E’. (4:5–9) Instruction: Yahweh’s miraculous object lesson in the plant, worm and wind—Jonah is sorely afflicted

F’ (4:10–11) Conclusion (thematic peak): Yahweh’s last word to Jonah and to every current listener: “Salvation belongs to Yahweh” (cf. 2:9)

Four Chiasms in Jonah

In addition to the overall storyline of Jonah, each chapter shows remarkable literary arrangement. Again, following the work of Ernst Wendland, consider how each chapter is structured.

Screenshot 2018-03-15 10.28.45Screenshot 2018-03-15 10.32.25Screenshot 2018-03-15 10.34.39Screenshot 2018-03-15 10.36.16

Reading Jonah

With these structures in mind, you are now better equipped to read this fascinating book. Even more, with these structures in mind, we find more clearly the original emphases. For more the literary structures of Jonah, see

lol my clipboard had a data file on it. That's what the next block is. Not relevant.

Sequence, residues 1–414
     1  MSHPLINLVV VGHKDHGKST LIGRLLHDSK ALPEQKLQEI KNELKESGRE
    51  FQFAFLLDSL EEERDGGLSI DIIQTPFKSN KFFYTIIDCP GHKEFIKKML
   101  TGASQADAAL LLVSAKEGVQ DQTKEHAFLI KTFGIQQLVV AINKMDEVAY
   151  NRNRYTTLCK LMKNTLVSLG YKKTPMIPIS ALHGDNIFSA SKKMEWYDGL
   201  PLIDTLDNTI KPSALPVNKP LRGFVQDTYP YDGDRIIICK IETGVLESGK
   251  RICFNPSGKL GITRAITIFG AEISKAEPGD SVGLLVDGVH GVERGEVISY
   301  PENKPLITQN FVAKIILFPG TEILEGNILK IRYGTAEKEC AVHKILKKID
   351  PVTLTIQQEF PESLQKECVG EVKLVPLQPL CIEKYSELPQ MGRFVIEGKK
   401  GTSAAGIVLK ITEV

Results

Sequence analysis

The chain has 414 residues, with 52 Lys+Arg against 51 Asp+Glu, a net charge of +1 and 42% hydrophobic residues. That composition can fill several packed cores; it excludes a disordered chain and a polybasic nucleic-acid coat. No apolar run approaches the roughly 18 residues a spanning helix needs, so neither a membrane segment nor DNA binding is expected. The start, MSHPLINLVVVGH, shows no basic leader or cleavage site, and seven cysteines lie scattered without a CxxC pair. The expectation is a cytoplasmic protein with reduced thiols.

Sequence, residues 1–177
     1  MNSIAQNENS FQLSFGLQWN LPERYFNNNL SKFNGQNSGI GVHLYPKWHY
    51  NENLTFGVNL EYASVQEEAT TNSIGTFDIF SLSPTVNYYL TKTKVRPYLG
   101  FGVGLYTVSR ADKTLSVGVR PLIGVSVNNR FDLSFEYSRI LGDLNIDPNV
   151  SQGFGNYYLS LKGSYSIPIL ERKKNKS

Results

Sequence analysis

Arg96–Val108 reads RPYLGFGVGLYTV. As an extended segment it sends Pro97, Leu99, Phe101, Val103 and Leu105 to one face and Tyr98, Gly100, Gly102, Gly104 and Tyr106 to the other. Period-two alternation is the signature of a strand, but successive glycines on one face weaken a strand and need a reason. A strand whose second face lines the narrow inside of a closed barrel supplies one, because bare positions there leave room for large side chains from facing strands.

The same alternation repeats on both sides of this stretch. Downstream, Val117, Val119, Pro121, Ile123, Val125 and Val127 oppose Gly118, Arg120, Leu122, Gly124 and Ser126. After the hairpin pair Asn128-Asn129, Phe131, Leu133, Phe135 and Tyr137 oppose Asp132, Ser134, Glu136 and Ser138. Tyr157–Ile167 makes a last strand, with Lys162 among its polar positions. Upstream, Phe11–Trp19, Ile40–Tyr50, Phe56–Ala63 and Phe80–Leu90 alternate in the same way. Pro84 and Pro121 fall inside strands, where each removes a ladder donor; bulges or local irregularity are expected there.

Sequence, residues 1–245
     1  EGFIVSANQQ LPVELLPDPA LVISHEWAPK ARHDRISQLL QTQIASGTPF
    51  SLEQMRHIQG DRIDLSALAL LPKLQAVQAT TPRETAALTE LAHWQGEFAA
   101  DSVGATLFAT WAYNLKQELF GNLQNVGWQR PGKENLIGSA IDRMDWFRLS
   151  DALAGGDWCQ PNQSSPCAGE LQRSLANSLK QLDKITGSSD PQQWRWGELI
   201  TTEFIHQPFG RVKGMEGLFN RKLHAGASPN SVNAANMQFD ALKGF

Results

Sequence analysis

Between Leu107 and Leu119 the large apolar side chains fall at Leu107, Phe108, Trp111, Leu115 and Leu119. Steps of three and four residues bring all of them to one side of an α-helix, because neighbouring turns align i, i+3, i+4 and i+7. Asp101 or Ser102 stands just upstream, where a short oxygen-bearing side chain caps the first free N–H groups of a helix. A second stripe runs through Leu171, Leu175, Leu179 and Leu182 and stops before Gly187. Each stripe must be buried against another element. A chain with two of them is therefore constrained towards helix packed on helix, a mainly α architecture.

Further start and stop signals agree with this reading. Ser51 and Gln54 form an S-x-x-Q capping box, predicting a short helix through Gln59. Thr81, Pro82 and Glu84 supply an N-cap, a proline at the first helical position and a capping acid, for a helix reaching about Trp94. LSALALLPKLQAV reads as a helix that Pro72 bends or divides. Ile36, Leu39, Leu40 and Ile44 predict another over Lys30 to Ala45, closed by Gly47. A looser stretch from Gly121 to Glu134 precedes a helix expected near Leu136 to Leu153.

Soli Deo Gloria, ds

The Final Days of Jesus: A 40-Day Reading Guide

final daysThis week marks 40 days until Resurrection Sunday. While some celebrate with Lent and others do not, we should all prepare our hearts to celebrate the death and resurrection of our Lord Jesus Christ. To help in that endeavor, let me encourage you to pick up and read The Final Days of Jesus by Andreas Köstenberger and Justin Taylor.

A few years ago I put together a 40-day reading plan for that book.  The outline lays out daily Scripture readings from the Gospels, many intra-biblical connections to the Old Testament, and the page numbers to read from The Final Days of JesusIf you are interested in that 40-day reading plan, you can find it here.